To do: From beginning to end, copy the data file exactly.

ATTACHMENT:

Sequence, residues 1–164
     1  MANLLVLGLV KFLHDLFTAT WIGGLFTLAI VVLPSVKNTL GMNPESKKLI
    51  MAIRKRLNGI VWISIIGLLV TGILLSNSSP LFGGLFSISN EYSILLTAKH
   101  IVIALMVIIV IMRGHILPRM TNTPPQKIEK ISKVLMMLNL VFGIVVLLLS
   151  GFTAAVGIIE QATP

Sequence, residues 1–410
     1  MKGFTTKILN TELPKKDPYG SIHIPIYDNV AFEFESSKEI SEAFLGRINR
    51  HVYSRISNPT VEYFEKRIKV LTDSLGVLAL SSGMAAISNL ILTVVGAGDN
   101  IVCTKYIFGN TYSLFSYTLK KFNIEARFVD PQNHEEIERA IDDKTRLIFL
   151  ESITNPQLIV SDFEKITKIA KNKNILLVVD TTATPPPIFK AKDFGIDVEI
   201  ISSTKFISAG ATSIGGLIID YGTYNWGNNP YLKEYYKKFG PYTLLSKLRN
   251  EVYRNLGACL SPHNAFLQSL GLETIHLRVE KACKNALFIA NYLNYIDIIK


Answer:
Sequence, residues 1–164
     1  MANLLVLGLV KFLHDLFTAT WIGGLFTLAI VVLPSVKNTL GMNPESKKLI
    51  MAIRKRLNGI VWISIIGLLV TGILLSNSSP LFGGLFSISN EYSILLTAKH
   101  IVIALMVIIV IMRGHILPRM TNTPPQKIEK ISKVLMMLNL VFGIVVLLLS
   151  GFTAAVGIIE QATP

Sequence, residues 1–410
     1  MKGFTTKILN TELPKKDPYG SIHIPIYDNV AFEFESSKEI SEAFLGRINR
    51  HVYSRISNPT VEYFEKRIKV LTDSLGVLAL SSGMAAISNL ILTVVGAGDN
   101  IVCTKYIFGN TYSLFSYTLK KFNIEARFVD PQNHEEIERA IDDKTRLIFL
   151  ESITNPQLIV SDFEKITKIA KNKNILLVVD TTATPPPIFK AKDFGIDVEI
   201  ISSTKFISAG ATSIGGLIID YGTYNWGNNP YLKEYYKKFG PYTLLSKLRN
   251  EVYRNLGACL SPHNAFLQSL GLETIHLRVE KACKNALFIA NYLNYIDIIK